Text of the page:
Lao students experience kite culture
Lao and Chinese students studying at the Jiangsu College of Engineering and Technology pose for a group photo with their painted banyao whistling kites on May 3. [Photo/ec.js.edu.cn]
Lao and Chinese students studying at the Jiangsu College of Engineering and Technology in Nantong, Jiangsu province experienced the local banyao whistling kite culture on May 3.
The annual activity was organized by the school in order to promote the local intangible cultural heritage and introduce a variety of traditional kites to younger generations.
During the activity, Master Zhu Jun, an inheritor of banyao whistling kite construction who has been steeped in the ancient art for decades, explained its origin and development in detail to the students.
Banyao (板鹞), which in Chinese means board (ban) and snipe (yao), are large, flat, whistling kites with hexagonal frames adorned with exquisite decorations and vibrant colors.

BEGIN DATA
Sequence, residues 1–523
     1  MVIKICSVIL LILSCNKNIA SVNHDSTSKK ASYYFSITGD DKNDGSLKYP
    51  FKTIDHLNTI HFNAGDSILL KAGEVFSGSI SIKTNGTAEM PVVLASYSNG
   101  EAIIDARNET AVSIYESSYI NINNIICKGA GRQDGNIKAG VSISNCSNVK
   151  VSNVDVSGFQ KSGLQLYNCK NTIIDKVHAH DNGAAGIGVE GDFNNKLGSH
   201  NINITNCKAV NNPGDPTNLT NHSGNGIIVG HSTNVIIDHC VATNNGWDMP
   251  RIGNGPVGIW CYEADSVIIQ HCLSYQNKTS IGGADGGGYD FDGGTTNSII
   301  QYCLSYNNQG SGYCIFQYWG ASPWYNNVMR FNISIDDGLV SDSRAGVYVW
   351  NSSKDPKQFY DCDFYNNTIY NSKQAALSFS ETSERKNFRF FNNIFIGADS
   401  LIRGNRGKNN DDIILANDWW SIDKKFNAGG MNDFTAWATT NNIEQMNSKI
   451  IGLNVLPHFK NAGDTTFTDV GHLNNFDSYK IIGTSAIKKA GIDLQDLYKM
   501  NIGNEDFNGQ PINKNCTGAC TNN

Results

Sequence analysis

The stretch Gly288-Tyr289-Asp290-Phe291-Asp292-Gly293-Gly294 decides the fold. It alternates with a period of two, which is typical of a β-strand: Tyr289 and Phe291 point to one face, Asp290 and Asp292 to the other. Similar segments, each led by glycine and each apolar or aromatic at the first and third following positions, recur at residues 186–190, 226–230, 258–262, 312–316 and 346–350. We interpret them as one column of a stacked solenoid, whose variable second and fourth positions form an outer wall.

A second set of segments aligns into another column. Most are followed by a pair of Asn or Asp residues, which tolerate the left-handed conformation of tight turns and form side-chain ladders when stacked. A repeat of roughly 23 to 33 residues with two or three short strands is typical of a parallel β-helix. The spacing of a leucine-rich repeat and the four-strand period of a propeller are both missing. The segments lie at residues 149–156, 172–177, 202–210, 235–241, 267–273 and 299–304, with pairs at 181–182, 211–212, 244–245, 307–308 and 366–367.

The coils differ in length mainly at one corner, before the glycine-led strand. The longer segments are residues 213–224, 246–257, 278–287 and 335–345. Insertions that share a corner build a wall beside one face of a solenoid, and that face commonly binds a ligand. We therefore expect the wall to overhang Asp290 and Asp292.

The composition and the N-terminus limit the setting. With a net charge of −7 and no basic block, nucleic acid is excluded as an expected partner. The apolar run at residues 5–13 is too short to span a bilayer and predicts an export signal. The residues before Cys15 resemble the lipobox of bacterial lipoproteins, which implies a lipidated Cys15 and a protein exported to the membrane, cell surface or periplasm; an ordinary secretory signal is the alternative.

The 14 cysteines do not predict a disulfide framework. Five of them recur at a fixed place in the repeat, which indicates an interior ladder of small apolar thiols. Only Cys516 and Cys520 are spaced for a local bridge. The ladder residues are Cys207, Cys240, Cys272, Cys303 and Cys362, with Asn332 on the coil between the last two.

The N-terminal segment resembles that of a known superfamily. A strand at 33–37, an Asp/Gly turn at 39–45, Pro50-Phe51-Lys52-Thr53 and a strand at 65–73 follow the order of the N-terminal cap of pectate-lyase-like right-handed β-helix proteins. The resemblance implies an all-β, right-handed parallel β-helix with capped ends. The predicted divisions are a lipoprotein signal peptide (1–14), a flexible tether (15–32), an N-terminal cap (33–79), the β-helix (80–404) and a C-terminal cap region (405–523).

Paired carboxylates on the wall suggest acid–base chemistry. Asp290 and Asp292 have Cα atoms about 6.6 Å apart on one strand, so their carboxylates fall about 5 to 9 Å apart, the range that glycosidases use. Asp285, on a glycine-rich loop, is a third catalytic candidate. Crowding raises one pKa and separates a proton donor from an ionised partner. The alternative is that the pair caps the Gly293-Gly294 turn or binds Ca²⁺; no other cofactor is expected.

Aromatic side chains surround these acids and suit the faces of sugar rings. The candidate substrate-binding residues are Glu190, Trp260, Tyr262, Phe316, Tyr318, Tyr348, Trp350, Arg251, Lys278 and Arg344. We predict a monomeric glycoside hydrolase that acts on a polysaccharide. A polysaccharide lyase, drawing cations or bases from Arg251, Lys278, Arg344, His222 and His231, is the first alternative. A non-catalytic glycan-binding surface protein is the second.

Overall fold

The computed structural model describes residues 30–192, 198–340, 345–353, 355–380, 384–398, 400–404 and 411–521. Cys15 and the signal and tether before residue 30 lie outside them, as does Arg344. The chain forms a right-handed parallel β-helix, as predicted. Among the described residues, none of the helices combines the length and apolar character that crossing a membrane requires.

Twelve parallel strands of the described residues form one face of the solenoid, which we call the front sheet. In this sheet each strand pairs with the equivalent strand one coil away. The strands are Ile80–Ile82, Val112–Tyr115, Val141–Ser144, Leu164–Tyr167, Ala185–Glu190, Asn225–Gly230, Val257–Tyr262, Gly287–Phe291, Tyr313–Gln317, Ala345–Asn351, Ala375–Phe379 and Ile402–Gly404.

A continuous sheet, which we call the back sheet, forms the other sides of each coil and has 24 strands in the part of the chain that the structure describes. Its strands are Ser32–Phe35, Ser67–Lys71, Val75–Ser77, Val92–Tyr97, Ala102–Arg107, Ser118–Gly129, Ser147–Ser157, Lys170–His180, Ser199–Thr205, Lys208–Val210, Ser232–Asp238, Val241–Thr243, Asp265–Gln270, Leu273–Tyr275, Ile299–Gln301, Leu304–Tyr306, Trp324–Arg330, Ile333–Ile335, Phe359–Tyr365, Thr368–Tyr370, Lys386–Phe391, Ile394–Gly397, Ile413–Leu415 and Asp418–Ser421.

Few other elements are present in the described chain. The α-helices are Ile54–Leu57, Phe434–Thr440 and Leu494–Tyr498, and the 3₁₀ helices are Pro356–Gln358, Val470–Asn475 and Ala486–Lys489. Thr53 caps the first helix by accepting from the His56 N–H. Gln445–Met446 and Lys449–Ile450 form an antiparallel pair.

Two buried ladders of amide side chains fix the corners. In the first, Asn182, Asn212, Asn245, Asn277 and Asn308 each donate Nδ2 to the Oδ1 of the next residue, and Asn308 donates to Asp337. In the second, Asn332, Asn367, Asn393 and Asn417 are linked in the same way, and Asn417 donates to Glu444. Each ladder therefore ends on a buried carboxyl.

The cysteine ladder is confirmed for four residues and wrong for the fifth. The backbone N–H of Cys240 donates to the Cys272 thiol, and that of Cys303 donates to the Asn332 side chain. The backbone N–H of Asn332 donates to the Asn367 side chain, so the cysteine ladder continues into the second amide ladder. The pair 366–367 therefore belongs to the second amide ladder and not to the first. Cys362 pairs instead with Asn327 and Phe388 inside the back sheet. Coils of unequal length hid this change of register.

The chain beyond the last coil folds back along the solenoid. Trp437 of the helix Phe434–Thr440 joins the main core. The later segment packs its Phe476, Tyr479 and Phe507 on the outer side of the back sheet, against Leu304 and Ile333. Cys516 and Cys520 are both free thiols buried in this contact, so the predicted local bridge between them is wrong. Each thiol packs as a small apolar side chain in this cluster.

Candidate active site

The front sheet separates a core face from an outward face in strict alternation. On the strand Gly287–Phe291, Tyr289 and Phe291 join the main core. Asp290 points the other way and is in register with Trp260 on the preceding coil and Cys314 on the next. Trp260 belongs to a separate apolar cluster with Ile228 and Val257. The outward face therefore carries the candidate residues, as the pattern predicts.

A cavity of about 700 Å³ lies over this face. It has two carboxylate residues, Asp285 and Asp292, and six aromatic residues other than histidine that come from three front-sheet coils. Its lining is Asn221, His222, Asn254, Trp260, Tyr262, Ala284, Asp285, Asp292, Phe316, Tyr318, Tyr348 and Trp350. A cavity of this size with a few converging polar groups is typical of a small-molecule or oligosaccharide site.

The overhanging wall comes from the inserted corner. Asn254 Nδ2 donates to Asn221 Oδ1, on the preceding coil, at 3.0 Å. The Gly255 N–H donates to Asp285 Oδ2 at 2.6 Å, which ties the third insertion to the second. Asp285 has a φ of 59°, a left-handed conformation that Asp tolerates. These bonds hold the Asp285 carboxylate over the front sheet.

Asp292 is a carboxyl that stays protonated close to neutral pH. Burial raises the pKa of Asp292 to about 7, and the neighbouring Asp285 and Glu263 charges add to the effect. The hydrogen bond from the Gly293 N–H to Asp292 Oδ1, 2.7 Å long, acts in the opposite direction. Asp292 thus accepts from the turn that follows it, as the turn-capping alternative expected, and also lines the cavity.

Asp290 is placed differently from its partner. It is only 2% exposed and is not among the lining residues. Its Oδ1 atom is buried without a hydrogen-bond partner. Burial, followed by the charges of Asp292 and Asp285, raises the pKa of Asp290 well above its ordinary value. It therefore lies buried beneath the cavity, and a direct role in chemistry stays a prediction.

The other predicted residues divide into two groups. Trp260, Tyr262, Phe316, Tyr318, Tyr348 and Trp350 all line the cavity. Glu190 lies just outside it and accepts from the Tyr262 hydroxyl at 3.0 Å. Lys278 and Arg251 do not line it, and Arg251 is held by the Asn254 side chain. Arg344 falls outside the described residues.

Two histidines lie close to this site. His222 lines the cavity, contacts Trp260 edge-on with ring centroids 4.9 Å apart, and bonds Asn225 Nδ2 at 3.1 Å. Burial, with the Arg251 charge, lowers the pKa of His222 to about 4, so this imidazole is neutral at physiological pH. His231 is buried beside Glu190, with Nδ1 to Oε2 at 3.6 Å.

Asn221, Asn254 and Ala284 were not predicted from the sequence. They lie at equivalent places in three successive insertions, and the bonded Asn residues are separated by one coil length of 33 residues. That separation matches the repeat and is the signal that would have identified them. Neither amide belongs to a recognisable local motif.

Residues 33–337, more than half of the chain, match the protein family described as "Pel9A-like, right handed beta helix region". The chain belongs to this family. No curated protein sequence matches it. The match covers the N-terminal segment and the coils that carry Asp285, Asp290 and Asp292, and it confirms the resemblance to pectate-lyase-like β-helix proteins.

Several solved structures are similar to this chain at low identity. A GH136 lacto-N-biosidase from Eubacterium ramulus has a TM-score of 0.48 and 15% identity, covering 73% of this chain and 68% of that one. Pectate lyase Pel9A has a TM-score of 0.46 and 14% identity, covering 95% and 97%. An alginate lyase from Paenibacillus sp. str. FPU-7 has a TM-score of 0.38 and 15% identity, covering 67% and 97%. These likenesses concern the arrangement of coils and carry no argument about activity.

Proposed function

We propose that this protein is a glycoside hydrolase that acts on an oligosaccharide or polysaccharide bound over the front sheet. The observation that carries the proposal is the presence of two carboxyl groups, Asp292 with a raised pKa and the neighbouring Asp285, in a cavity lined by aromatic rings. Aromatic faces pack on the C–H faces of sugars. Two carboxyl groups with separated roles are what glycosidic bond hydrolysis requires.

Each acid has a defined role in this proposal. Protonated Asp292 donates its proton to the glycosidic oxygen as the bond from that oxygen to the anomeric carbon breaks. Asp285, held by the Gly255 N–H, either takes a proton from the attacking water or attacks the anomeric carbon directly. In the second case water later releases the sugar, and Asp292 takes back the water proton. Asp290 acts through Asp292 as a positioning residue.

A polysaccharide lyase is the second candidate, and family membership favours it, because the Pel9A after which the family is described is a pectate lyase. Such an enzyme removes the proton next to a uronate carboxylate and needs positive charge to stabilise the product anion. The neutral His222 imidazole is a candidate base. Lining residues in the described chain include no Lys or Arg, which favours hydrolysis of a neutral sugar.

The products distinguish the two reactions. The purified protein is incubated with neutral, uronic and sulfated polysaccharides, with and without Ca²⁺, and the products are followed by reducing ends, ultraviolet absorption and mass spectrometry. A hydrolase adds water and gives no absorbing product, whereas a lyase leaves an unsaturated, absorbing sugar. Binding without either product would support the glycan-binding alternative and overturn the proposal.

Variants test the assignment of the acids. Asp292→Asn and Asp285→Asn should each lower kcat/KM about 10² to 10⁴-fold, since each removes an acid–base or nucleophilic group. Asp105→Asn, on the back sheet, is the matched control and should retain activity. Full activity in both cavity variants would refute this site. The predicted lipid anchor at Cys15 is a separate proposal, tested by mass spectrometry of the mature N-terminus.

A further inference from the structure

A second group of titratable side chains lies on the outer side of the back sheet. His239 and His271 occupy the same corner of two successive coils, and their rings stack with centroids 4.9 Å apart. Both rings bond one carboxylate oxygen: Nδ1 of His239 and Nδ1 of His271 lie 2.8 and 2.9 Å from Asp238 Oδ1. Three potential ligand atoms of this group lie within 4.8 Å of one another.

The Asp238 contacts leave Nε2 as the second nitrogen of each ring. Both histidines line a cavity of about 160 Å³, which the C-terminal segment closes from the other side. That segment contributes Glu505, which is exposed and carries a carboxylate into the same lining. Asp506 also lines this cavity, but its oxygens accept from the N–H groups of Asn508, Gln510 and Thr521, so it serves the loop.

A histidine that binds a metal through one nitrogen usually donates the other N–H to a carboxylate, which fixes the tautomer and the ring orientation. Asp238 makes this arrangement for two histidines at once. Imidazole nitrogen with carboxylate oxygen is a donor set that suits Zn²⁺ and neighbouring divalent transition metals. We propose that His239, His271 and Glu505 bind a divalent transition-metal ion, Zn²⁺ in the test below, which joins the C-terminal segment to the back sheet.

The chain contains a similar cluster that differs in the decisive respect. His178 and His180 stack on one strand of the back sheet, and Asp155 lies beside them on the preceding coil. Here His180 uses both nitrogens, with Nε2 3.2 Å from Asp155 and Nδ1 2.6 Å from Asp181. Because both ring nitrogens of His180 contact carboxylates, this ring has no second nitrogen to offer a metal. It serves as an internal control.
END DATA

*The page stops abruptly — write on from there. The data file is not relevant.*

Differing from other varieties of kites in China, such as hard-wing kites in the shapes of swallows and eagles and soft-wing kites in the shapes of butterflies, dragonflies and fish, banyao whistling kites are recognized as representative southern kites that can produce different sounds, playing melodically when dancing among the clouds.
The students were greatly interested in Zhu’s explanations. They were eager to paint the kites with bright colors, symbols of aspirations and expectations for a happy life, and enjoyed flying the kites high up to the heavens and basking in a relaxing environment of sunshine, fresh air and spring sky.
“It is very interesting and I have written some blessing words in Lao. I am quite excited to fly it with my Chinese friends,” said one Lao student.
The Jiangsu College of Engineering and Technology carries out various cultural activities to enrich the overseas students’ campus life, such as celebrating the traditional Water-Sprinkling Festival and organizing friendly football matches.